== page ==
Night Photography, Part 2: Adding Your Own Light

With the sun taking its leave of our fair slice of the earth for the day, let us resume our exploration of night photography.

Part 1: Available Light
Part 3: Fire & Specialized Lighting
Class: Sign up for our in-depth workshop, May 23rd at Park Meadows!

As many articles on photography will tell you, searching for an introduction, the word photography translates literally to “drawing with light.” In that sense, the less light there is for the taking, the more pure the photography is. In our last look at night photography, we examined how a limited-light situation can change your approach. Today, we’ll look at controlled, creative ways you can introduce artificial light to your night photography, without hauling a whole lighting kit around in the dark.


Photo by Macey Sigaty

The classic light painting tool would be, quite simply, a flashlight. The same principle that lets you create ghost photos (as discussed in part one) also lets you walk through the frame quickly and not appear at all. Narrow that aperture, make sure the frame is clear to you (or whomever it is that will be operating the light), and go wild! Any photographer’s bag should have at least one decent, powerful flashlight in it. That can be as simple as a small, less-than-$20 AAA-powered LED light, but stepping up to a more powerful light or even a rechargeable one can be the kind of investment that pays off in the long run. Many decent flashlights will have multiple operation modes, as well, like low-power, strobe, etc.

Probably the closest thing to fireflies you’ll find in Colorado!

The labyrinth photo was created by turning a flashlight on and off, but this one involved moving a strobing flashlight around at varying speeds and angles.

So, what can you paint? You can create abstract wisps, as above…

…add accents to your scene for a hyper-real effect (or a spooky one—see the photo at the top of the page)…

Blest. Photo by Macey Sigaty

…or add something meaningful to make your photo say what you need it to say. This photo was made as a memorial to a close friend of my wife who passed away, and it’s been a comfort to many.

Shapes & colors—get creative!

Of course, you’re not limited to white lights. One of my favorite lights, the Nite-Ize Radiant 250 headlamp (available at Mike’s, just not online at the moment), adds a red light as well as a diffuse arrangement. Flash gels like this kit for the super-compact LitraTorch work wonderfully as well. (Note: I haven’t used that light, I just want to. You can make your own gels to fit any given light by cutting thin, colored plastic.) Another type of accessible colored lighting that works really well? Laser pointers!


You needn’t be limited by shape, either. Experiment with frames through which to shine your light. Stencils—homemade or from the craft store—can provide infinite entertainment with a suitably bright light. Make your own starry array, or just make things a little weirder.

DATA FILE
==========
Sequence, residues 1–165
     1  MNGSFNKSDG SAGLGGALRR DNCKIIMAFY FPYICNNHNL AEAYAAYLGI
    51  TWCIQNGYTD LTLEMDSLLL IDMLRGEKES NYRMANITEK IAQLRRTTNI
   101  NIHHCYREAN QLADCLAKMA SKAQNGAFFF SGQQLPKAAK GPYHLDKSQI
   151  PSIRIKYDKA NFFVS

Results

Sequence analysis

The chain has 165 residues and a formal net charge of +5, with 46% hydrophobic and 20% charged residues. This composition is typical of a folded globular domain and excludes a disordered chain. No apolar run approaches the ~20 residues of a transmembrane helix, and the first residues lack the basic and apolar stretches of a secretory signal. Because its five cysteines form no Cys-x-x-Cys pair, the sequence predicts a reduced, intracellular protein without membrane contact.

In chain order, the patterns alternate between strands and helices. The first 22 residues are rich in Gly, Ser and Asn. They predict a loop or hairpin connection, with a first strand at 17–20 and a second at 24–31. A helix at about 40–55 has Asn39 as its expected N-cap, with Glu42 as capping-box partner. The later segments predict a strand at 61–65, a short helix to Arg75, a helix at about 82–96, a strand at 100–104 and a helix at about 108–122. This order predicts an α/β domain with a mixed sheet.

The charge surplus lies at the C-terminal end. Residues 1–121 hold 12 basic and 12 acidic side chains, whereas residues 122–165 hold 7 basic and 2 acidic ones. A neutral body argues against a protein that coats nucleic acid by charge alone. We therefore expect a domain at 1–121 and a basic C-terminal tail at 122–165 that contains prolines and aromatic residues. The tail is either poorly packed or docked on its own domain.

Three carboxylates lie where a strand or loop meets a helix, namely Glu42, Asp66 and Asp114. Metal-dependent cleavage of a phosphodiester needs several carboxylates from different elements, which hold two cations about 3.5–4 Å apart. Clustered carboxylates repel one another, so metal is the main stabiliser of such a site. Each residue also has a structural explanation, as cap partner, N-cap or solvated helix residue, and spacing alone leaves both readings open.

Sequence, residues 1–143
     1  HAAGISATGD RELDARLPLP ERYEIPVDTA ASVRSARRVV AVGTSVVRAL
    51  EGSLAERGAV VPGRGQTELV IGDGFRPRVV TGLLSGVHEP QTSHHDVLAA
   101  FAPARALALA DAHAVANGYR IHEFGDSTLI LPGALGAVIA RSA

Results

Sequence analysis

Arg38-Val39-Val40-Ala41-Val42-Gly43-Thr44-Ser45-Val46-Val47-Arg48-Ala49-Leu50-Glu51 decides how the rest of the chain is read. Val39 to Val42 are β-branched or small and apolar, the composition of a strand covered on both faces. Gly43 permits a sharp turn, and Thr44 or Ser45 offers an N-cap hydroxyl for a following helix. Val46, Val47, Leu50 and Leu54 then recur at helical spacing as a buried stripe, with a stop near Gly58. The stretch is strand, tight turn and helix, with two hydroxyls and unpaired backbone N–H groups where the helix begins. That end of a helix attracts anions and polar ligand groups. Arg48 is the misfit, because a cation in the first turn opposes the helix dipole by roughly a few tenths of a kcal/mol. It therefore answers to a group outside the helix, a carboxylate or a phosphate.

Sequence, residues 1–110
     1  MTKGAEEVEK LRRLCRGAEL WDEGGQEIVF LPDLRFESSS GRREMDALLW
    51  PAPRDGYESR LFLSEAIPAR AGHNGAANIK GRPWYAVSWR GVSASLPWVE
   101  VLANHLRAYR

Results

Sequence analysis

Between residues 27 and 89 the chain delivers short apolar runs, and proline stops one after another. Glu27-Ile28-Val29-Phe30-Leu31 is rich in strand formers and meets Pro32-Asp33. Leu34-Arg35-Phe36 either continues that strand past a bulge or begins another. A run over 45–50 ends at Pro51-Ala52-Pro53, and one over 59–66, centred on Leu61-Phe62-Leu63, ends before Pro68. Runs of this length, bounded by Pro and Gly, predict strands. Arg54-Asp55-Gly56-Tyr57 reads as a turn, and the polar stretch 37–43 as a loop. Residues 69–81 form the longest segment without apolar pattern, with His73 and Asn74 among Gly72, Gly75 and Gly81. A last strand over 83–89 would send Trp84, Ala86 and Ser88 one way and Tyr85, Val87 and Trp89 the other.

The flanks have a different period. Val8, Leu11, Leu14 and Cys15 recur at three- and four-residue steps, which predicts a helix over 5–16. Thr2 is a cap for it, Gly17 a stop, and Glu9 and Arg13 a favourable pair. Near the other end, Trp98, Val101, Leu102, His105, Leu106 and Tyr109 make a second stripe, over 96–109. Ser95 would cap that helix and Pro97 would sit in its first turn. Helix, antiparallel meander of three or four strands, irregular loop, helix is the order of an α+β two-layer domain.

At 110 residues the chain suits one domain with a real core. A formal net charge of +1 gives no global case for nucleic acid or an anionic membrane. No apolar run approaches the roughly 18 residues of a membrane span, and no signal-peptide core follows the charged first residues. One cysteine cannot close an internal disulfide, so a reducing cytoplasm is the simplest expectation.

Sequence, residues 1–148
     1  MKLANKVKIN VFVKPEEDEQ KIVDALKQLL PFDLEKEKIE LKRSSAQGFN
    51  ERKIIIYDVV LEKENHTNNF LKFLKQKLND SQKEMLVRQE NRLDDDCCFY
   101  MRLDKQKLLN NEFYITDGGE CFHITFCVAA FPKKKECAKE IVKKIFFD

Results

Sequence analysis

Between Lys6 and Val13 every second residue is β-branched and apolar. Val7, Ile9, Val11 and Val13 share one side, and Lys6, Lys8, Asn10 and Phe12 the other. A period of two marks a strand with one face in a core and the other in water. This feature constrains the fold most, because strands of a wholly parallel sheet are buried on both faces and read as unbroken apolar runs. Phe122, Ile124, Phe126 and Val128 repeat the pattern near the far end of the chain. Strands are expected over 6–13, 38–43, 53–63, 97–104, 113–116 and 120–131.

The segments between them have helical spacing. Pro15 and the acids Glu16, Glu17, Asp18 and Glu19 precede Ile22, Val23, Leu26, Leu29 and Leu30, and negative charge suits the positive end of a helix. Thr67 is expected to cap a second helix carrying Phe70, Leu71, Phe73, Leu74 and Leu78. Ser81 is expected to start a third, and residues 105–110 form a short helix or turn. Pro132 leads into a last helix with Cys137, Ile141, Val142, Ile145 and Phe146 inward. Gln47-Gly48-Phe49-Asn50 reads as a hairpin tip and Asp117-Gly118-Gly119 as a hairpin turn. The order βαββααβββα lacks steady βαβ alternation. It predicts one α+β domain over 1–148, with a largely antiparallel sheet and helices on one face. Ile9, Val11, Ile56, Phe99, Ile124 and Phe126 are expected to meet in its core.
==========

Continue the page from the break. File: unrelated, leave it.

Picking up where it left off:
Taken at a special Mike’s Camera photo walk at Fairmount Cemetery.

You are not obligated to be in full control

While the point of adding artificial light to your night photography tends to be to more actively control your image, there is an odd middle ground between “available light” photography and strictly crafted photography than can be a rich place to play.

I don’t remember what caused this effect, but it sure is cool! The magic of imaging is that what was probably someone wandering in the way of my shot turned out to look more like a gust of rainbow. An important part of any successful shoot is being open to the possibilities you don’t expect.

Finally, you don’t have to necessarily hold the colorful lights yourself to use them for great photos.

Lakeside Amusement Park, at another special Mike’s Camera event!

Bright neon business signs and amusement parks are time-tested photographic subjects. Someone has already spent thousands of dollars on awesome lighting, so why not try to use it in your own photography? Just remember that many others have probably taken a documentary-type eye-level photo, so if you want to stand out, you’ll need to think about your composition. My Lakeside photo, for example, would probably have been cooler from ground level much closer to the ride… but then we wouldn’t have gotten that sharp-looking sign in the photo!

Thanks for stopping by for day two of our series on night photography. If you’re enjoying this content, you’ll probably really enjoy our hands-on workshop, May 23rd! Click here to sign up for the class, and be sure you come back to the blog tomorrow for the thrilling, fiery conclusion!

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